## Questions:

- Does the KosherJava
*Zmanim*API account for leap seconds? - Did the magnitude 9.0-9.1 Tōhoku earthquake in Japan that changed the wobble of the earth impact
*zmanim**calculations?*

## Answers:

- Yes
- Yes, but infinitesimally

Before delving into the answer, I would like to note that *zmanim* accuracy down to the second that are supported by the API are really nonsense, because variations in refraction make this accuracy pointless. The second (or millisecond) *zmanim* accuracy subject will hopefully have its own article in the future.

Since 1972, 27 leap seconds have been added to UTC time VS International Atomic Time (TAI). This is in addition to the initial 10 seconds added in 1972 to reflect pre-1972 corrections. The reason for adding leap seconds is to correct our clocks for incorrect original estimates of the speed of earth’s rotation. Assuming that you keep your clock time correct (and add the leap seconds), no change in any *zmanim* calculations by either the KosherJava *zmanim* library, or any other *zmanim* programs or APIs are needed. However, if you have a very accurate clock, and did not change it since 1972, your *zmanim* calculations will be off by 37 seconds. This is not something any *zmanim* APIs, apps or programs should have to deal with. Had we added any corrections for leap seconds, your *zmanim* calculations would be inaccurate.

As far as the Tōhoku earthquake in Japan, this is really the same question as the first question. Yes, that earthquake slowed down earth’s rotation by 1.8 microseconds or 1.8 millionth of a second (meaningless for *zmanim*). This as well as the impact of other earthquakes that impact earth’s rotation are factored into the leap second calculations that “correct” the time of our clocks and ensure that your zmanim are correct.

### Technical Details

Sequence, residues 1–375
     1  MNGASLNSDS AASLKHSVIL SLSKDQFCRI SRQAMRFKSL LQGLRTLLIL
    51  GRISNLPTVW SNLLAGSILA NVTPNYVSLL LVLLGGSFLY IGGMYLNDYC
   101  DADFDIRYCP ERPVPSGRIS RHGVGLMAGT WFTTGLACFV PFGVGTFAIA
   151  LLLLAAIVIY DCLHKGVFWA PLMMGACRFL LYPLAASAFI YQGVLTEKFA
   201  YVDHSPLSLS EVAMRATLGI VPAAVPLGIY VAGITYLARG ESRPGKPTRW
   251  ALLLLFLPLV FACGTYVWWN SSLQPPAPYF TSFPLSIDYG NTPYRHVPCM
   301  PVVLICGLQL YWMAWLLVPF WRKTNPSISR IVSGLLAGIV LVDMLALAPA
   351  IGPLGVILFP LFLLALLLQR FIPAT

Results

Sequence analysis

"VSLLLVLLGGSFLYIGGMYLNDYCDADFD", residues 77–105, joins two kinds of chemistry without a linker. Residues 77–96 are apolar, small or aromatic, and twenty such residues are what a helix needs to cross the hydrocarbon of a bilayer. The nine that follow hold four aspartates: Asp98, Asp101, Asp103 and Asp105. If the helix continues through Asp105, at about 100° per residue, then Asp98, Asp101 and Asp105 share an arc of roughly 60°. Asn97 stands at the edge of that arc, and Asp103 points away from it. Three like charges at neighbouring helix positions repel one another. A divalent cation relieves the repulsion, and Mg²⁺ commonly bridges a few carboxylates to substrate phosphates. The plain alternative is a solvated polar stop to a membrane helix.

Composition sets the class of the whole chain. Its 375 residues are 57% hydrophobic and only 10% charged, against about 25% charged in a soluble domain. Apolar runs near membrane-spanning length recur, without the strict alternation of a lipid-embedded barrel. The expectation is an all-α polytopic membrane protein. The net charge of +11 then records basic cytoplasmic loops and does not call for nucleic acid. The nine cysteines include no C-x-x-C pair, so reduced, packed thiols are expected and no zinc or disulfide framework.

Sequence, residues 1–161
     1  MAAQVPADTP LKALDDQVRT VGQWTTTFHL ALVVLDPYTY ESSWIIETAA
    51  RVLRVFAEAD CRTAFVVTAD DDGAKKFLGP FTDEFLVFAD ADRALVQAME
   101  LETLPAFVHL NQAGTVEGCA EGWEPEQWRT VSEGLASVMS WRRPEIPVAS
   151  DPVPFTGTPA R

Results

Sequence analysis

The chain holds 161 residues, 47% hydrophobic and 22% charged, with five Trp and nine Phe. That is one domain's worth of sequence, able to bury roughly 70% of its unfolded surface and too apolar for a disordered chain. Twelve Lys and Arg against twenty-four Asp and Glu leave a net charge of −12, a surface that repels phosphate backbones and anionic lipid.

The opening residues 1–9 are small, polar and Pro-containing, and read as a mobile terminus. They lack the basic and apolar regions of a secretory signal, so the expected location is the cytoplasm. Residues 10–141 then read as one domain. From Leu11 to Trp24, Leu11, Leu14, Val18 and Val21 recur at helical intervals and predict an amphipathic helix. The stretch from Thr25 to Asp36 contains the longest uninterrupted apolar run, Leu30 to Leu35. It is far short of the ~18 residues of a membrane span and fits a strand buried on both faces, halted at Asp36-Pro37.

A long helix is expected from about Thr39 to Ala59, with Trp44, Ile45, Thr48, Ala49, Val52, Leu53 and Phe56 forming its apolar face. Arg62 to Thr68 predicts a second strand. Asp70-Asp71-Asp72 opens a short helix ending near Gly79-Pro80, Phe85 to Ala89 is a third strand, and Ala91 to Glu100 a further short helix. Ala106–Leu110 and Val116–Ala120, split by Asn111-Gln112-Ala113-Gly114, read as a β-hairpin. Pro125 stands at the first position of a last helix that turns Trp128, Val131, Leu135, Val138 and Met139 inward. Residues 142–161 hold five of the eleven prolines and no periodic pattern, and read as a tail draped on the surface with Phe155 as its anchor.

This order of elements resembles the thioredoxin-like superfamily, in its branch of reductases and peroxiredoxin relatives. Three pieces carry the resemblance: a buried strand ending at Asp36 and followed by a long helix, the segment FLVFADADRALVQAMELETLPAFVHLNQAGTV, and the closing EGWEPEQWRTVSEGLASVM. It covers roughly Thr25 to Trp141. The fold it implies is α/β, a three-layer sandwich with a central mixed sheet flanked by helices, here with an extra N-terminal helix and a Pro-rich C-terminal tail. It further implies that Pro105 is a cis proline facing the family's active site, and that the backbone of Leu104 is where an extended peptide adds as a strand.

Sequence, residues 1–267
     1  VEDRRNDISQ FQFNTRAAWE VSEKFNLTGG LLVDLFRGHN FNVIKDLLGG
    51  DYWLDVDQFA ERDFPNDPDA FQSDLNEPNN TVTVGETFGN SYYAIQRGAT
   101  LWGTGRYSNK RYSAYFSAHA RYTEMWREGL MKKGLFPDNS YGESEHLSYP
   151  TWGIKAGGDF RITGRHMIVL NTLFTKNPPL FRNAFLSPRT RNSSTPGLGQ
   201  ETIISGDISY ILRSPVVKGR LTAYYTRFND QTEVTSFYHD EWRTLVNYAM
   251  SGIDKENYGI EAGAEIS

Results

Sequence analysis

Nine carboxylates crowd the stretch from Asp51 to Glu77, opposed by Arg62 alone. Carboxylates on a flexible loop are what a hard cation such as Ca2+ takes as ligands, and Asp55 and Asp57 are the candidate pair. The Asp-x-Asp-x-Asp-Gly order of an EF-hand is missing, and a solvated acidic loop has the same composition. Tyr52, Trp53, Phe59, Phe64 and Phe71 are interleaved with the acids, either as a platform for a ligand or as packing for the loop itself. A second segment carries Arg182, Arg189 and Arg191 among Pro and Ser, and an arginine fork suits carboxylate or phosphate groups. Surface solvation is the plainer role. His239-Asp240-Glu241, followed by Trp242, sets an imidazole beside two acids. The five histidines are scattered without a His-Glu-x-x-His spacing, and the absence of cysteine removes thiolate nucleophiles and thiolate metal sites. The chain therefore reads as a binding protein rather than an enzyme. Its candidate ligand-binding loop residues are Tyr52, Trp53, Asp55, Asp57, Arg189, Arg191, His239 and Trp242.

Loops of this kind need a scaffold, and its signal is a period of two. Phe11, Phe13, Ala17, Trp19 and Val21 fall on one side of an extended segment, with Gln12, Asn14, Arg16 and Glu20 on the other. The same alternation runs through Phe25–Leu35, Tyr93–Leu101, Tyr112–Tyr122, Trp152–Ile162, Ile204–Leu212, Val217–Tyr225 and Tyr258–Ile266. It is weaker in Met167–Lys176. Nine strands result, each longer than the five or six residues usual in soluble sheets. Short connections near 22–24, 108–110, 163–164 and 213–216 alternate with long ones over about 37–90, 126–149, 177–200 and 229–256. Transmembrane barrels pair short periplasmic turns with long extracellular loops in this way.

The leap second corrections address incorrect clock time that result from a slower earth rotation than expected. To get a drop more technical (thank you Pinny Markowitz), when the rate or the angle of rotation changes (due to earthquakes or other natural or man-made changes such as building of the Three Gorges Dam), the changes are minuscule. These small changes as well as the original incorrect calculation of the length of the day add up over time. On occasion (about every 2 years) the accumulated difference is significant enough to warrant introducing (or theoretically removing, something that has yet to happen) a leap second to reconcile our clocks with the natural one. On any given day, UTC time always considers 86,400 (60 * 60 * 24) seconds as a day. On the day with a leap second, UTC time still considers the day as having only 86,400 seconds, but a second is added to account for each of the seconds over a year or more being a drop too short. There are various ways of making system clocks conform with the UTC standard, but the net effect is always the same, an extra second is added. UTC doesn’t view a second the same way that the atomic clocks (International Atomic Time) do. UTC views a second as 1/86,400 of a relative day (that is actually 86,400.002 seconds long on average), while, atomic clocks count a day as 86,400 fixed length seconds. Fortunately, the approach of adding leap seconds is exactly what we need when calculating *zmanim*. By ignoring leap second events in *zmanim* code, and instead focusing on the measurements of a relative day, we can yield calculations that will be correct in the context of a relative day (assuming that you properly adjust your clock).